The third time I went to see Die Walküre, it was the performance at the Royal Opera House on July 8 2005, the day after the London tube bombings. London's streets seemed empty but the opera house was packed. At that moment, it was particularly wonderful to be engrossed in this tale of a man who says: I don't want maidens in paradise - I want love here on earth, and a woman who responds by saying: I won't carry out the orders of the god my father - I will go over to the side of the human.

Wonderful! As the previewer says, "If we allow him to, Wagner truly has the power to surprise us."

[Read here of the 16-hour non-stop Wagner marathon embarked on by one enthusiast in front of a radio show to mark the Covent Garden performance.]

LINKS: Wagner's women - Guardian
'Make the nasty music go away' - Guardian

TAGS: Music, Religion

Cheers, Peter Cresswell

* * * *

Peter...

Marcus's picture

...I will try to see the Ring one day, but only a live performance.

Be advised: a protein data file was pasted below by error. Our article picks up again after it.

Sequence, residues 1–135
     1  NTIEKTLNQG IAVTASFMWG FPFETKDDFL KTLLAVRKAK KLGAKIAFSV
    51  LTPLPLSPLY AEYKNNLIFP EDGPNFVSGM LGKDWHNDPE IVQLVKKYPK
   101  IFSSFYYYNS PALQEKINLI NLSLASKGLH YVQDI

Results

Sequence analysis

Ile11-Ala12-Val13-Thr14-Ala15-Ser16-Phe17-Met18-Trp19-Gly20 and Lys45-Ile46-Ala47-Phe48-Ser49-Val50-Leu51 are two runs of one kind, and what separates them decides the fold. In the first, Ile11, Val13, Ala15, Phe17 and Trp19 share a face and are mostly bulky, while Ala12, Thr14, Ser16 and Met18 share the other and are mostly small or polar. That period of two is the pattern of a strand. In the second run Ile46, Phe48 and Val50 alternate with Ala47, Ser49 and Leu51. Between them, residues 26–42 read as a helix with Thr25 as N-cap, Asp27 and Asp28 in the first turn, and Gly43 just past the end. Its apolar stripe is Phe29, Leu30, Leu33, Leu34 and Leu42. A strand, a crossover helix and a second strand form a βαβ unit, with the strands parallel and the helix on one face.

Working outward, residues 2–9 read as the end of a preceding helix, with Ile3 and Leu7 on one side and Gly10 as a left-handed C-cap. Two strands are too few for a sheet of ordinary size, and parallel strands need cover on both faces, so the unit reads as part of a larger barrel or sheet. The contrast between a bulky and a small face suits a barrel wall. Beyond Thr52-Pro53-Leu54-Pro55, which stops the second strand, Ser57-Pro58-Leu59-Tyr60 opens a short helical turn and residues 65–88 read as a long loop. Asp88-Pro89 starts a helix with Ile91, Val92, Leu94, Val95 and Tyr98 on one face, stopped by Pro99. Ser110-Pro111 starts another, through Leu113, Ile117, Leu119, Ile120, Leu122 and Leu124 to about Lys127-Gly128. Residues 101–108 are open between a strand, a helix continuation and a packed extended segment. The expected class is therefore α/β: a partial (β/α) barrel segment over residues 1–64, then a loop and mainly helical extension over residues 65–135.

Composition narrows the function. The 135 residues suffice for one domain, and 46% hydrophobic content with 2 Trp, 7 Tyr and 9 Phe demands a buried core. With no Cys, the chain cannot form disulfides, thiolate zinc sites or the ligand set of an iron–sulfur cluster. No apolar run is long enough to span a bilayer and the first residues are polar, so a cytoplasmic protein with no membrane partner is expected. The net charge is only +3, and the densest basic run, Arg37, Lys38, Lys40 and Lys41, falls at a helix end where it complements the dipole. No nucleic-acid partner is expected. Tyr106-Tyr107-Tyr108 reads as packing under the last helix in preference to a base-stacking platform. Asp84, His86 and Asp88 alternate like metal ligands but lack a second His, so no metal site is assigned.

However, Wagner's political views at the time of writing the Ring are well-documented. They were starkly left-wing and anti-industrialisation. If you have evidence to contrary, then please share it.

For yourself

Peter Cresswell's picture

"But that is exactly what Wagner was trying to do in the ring."

You know, Marcus, you really do need to experience The Ring for yourself, instead of simply taking the opinions of others for your own.

Cheers, Peter Cresswell

Give Gore Time!

Ed Hudgins's picture

Aaron and Wm, give Gore time. After he's finished putting our economy on a faster track to oblivion, he'll get around to ruining other things.

Rand would have hated it.

Marcus's picture

"....pushing a leftist world view to be taken not as interpretation but, rather, as gospel."

But that is exactly what Wagner was trying to do in the ring.

"I don't know if Rand liked Wagner..."

If Wagner really did include some noble sentiments of individualism and heroism in there Rand would have hated it all the more for pushing such a disgusting "package deal".

Doesn't matter to me though whether Ayn Rand would have liked it or not because Wagner sends me to sleep.

Not a computer nerd...

JoeM's picture

But I will be geeked out when the Transformers comes out this summer!

****************************************************************************

Spaceplayer Sight and Sound

New SOLO policy?

User hidden's picture

Computer nerds should be banned! Smiling

Wait, that would only leave about 4 members. Never mind. Me, Joe Maurone, Jennifer Iannolo, and Lindsay would have a great time, though!